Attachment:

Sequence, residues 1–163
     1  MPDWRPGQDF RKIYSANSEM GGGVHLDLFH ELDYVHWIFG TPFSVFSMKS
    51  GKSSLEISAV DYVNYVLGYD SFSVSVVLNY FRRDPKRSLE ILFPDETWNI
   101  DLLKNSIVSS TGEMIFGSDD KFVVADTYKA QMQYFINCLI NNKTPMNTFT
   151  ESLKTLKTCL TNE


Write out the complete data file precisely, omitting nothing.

Sequence, residues 1–163
     1  MPDWRPGQDF RKIYSANSEM GGGVHLDLFH ELDYVHWIFG TPFSVFSMKS
    51  GKSSLEISAV DYVNYVLGYD SFSVSVVLNY FRRDPKRSLE ILFPDETWNI
   101  DLLKNSIVSS TGEMIFGSDD KFVVADTYKA QMQYFINCLI NNKTPMNTFT
   151  ESLKTLKTCL TNE